Key Points: Between Figure and Ground

Georges Teyssot
Translated by Alexandre Champagne

Reviewed by Robert Mitchell

24 Jan 2016

In his book Du mode d’existence des objets tech­niques [On the Mode of Exis­tence of Tech­ni­cal Objects] (1958), the French philoso­pher Gilbert Simon­don refers to key points” — objects at once tech­ni­cal and aes­thet­ic — struc­tur­ing the ter­ri­to­ry, such as a bridge, a light­house, a cas­tle, a ruin, an anten­na.1 Such mon­u­ments are also equip­ment,” in the mod­ern sense of the word.2 These engi­neered struc­tures cre­ate key points anchored in the land­scape. In the vol­ume men­tioned, Simon­don shows that a new retic­u­la­tion is favored by tech­nique, insti­tut­ing a priv­i­lege to be grant­ed to cer­tain places in the world, in a syn­er­getic alliance of tech­ni­cal schemes and nat­ur­al pow­ers: There, the aes­thet­ic impres­sion appears, in this accord and this sur­pass­ing of tech­nique,” insert­ing itself into and link­ing to the world through the most note­wor­thy key points.”3

Since antiq­ui­ty, what con­sti­tutes the ground — such as nat­ur­al land­marks, trees, rocks, moun­tains, grot­toes — has become cul­tur­al fig­ures, mag­i­cal and/​or reli­gious, capa­ble of giv­ing a mean­ing to the land­scape.4 Fig­ures and grounds devel­op a rela­tion­ship of mutu­al ten­sion, cre­at­ing an unprece­dent­ed retic­u­la­tion of the ter­ri­to­ry.5 In that way, a work of art par­tic­i­pates in a net­work­ing of the world through its inser­tion in a region, a town, or a site that thus becomes dis­tinc­tive: It is indeed the inser­tion that defines the aes­thet­ic object, […] the work of art defines the high­est point of a promon­to­ry, ends the bar­ri­er wall, sur­mounts a tow­er.”6 In the world, there are remark­able places, excep­tion­al points that stim­u­late aes­thet­ic cre­ation: thus, the aes­thet­ic work makes the uni­verse come into bloom, extends it, con­sti­tut­ing a net­work of works, that is to say a net­work of excep­tion­al real­i­ties, radi­at­ing, a net­work of key points in a uni­verse at once human and nat­ur­al.”7 The aes­thet­ic impres­sion is linked to the inser­tion in the envi­ron­ment; it is like a ges­ture that fits itself into the nat­ur­al milieu, like the sail of a ship under the force of the wind: the light­house by the edge of the reef over­look­ing the sea is beau­ti­ful, because it is insert­ed on a key point of the geo­graph­ic and human world.”8 A tech­ni­cal object such as this leads to a rede­f­i­n­i­tion of the rela­tion­ship between fig­ure and ground: the object is beau­ti­ful when it has met a ground that suits it, of which it can be the prop­er fig­ure, that is to say when it rounds off and express the world.”9 For Simon­don, the tech­ni­cal object acquires its aes­thet­ic capac­i­ties against a vaster real­i­ty that is used as a ground.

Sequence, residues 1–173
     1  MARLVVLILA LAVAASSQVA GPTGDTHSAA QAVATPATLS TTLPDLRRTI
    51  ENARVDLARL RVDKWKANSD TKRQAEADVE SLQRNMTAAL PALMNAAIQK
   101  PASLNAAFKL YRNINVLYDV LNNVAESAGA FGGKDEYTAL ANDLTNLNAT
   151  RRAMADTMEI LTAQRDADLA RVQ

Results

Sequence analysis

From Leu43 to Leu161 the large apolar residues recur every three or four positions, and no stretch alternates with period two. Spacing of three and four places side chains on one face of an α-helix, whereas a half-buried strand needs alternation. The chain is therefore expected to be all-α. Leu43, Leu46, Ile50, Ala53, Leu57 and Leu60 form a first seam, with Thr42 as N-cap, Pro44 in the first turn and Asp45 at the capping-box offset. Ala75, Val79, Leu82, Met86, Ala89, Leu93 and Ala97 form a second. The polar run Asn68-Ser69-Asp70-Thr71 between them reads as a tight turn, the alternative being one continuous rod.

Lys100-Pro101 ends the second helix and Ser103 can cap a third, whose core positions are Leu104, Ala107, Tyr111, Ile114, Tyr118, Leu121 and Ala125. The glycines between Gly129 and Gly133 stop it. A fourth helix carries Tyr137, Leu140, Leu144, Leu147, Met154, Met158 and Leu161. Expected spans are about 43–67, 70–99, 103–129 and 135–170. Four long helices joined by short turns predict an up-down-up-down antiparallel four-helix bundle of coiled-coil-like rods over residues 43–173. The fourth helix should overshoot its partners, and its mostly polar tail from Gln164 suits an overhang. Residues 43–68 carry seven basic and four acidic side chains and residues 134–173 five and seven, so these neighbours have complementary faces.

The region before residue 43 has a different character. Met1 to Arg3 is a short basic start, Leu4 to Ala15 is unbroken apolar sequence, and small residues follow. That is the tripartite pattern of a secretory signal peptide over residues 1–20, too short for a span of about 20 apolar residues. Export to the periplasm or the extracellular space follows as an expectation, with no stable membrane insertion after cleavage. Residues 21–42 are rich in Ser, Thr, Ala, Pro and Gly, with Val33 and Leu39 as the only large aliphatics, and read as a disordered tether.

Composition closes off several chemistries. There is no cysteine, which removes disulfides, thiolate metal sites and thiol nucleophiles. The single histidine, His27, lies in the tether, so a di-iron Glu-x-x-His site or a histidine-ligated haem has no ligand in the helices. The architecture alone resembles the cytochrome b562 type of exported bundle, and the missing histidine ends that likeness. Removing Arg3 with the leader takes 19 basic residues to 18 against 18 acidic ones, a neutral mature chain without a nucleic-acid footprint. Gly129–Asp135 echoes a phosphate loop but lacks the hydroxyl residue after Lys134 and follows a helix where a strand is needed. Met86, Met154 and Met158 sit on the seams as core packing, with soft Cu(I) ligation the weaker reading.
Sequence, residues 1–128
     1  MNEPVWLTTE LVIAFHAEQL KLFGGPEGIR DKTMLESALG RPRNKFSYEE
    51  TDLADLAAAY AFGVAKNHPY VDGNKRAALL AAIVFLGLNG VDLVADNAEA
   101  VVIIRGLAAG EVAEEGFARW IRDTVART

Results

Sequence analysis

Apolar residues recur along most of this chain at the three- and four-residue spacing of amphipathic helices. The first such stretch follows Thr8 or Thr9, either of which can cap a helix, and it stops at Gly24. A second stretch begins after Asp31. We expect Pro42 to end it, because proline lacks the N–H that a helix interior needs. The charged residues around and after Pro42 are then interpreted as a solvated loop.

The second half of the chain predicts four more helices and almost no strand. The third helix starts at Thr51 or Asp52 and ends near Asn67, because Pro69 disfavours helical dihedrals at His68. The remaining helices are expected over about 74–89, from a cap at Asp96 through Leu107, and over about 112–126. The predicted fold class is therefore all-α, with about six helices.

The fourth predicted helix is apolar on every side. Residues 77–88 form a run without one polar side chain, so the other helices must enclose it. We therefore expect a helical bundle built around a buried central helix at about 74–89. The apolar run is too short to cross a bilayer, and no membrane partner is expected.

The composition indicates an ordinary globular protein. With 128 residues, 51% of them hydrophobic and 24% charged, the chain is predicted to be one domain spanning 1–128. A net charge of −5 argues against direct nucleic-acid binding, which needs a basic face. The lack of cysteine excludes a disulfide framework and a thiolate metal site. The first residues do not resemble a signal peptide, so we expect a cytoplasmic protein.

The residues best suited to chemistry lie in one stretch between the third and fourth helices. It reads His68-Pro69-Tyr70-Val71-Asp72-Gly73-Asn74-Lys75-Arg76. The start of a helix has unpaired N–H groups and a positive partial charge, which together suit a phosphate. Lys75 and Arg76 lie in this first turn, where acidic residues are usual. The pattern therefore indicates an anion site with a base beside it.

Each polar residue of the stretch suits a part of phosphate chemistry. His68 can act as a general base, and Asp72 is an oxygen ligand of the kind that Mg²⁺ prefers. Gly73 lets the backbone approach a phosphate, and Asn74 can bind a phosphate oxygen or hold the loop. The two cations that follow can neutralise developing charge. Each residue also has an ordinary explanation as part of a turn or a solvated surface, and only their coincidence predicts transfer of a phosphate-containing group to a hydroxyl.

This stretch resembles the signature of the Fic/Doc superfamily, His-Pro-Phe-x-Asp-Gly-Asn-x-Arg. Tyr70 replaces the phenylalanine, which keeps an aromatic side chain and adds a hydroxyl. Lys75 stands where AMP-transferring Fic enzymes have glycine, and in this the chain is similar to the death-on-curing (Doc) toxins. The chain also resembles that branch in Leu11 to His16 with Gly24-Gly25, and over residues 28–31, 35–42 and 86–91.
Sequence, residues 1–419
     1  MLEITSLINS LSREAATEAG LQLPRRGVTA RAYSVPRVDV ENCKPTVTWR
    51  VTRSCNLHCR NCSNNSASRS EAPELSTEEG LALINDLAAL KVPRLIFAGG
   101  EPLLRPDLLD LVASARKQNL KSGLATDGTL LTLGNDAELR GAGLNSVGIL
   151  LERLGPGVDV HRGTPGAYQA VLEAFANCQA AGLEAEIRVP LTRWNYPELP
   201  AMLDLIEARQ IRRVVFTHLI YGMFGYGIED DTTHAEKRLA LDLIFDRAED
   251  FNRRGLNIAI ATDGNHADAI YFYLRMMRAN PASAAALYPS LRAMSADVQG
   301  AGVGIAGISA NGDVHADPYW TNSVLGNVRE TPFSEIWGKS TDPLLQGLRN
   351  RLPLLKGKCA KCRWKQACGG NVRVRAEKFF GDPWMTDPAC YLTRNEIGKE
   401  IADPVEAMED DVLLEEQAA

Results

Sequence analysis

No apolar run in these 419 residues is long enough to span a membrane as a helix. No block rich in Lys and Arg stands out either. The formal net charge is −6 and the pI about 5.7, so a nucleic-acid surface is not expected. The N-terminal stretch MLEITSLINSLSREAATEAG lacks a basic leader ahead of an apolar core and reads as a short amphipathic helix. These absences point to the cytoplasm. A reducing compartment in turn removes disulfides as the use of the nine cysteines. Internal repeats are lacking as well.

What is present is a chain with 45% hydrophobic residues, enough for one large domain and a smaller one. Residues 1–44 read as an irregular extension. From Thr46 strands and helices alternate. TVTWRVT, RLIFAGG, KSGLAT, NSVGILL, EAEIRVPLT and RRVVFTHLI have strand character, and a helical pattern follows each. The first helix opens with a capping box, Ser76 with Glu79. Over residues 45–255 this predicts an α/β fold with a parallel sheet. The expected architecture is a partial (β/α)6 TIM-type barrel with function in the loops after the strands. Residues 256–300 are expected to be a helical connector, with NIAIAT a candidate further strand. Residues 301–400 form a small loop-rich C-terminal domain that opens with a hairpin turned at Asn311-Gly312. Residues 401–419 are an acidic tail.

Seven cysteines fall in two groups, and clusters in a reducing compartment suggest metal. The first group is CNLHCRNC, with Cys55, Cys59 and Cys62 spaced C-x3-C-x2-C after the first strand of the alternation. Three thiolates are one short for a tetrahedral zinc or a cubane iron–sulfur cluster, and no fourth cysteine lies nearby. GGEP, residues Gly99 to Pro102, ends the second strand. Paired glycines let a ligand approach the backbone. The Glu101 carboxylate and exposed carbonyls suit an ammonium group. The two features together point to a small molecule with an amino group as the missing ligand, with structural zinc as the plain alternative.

As, in a way, ener­getic tran­sit points, these key points con­fer an aes­thet­ic sense to topog­ra­phy. Con­sti­tut­ing a net­work of works, such points are placed right in the mid­dle, in between things; they form a mi-lieu” [lit­er­al­ly, a mid-place”], which explains the beau­ty of pow­er line tow­ers cross­ing a val­ley.10 The tech­ni­cal object is beau­ti­ful when it is the fruit of a meet­ing between the ground and the fig­ure. An oil refin­ery, a hydro­elec­tric pow­er plant, a tele­phone exchange (objects that are oh so for­bid­ding!) are locat­ed at the criss-cross­ing of cir­cuits and, con­se­quent­ly, they can be beau­ti­ful, for the lights which come on express aspects of human life, mak­ing explic­it an unsat­is­fied desire, an immi­nent piece of news, a renewed hope.11 The tech­no-aes­thet­ic objects express affect and per­cept, and it is con­ceiv­able that Gilles Deleuze made Simondon’s the­sis his aes­thet­ic and philo­soph­i­cal bible. The exam­ples pre­sent­ed by Bertrand Rougi­er have val­ue at once local and glob­al: pow­er lines and pylons cut­ting across forests, tem­po­rary snow shel­ters, nomadic fish­ing cab­ins on frozen lakes.They pro­vide the nec­es­sary par­a­digm, which allows the trac­ing of a new archi­tec­tur­al car­tog­ra­phy, illus­trat­ing the key points in our con­tem­po­rary world, the age of the tech­no-indus­tri­al and tech­no-sci­en­tif­ic devel­op­ment. With­out nos­tal­gia, they rede­fine also the notion of nature,” extract­ing it out of its pic­turesque or roman­tic sub­strate.12

There is a the­o­ret­i­cal ques­tion, raised by Simon­don, that deserves care­ful con­sid­er­a­tion. A major por­tion of Simondon’s mag­is­te­r­i­al demon­stra­tion is based on the con­cept of anal­o­gy, because his aes­thet­ic think­ing main­tains fig­ure and ground togeth­er in an ana­log­i­cal rela­tion­ship.13 For Simon­don, the anal­o­gy con­sists of the iden­ti­ty of the rela­tion between fig­ur­al struc­tures and a ground of real­i­ty. It is the iden­ti­ty of the cou­pling of the fig­ure and the ground. Such a rela­tion­ship of anal­o­gy offers a guar­an­tee to the uni­ty of the aes­thet­ic work. Form­ing a com­plete uni­verse, this rela­tion­ship cre­ates true mon­ads in the Leib­niz­ian sense of the word.14 What cre­ates the con­di­tions for beau­ty is not an iso­lat­ed object, such as a stat­ue, but the asso­ci­a­tion between a real aspect of the world and a human ges­ture. For exam­ple, it is the com­bi­na­tion of the land­scape and the vil­la that is beau­ti­ful, not the stat­ues of the gar­den tak­en sep­a­rate­ly.15 It is because of the gar­den (ground) that the stat­ue (fig­ure) can appear to be beau­ti­ful. Thus, anoth­er par­a­digm: lines would not be har­mo­nious if they were pure­ly rela­tion­al.16 With all due respect to Mati­la Ghyka’s gold­en num­ber and Le Corbusier’s mod­u­lor, beau­ty is not shaped by num­ber and mea­sure per se. In fact, notes Simon­don, a cer­tain curve can be beau­ti­ful even when it is dif­fi­cult to deter­mine its math­e­mat­i­cal for­mu­la. Simondon’s argu­ment is still valid and has not aged. Besides, there is in it a truth that the painter Eugène Delacroix knew well: There are lines that are mon­sters: the straight line, the reg­u­lar ser­pen­tine, above all two par­al­lel lines. When man estab­lish­es them, the ele­ments wear them away. Moss­es, acci­dents break the straight lines of his mon­u­ments. A line alone has no mean­ing; it will need a sec­ond one to give it some expres­sion. Great law. Exam­ple: in musi­cal har­monies, a note has no expres­sion, two togeth­er form a whole, express an idea.”17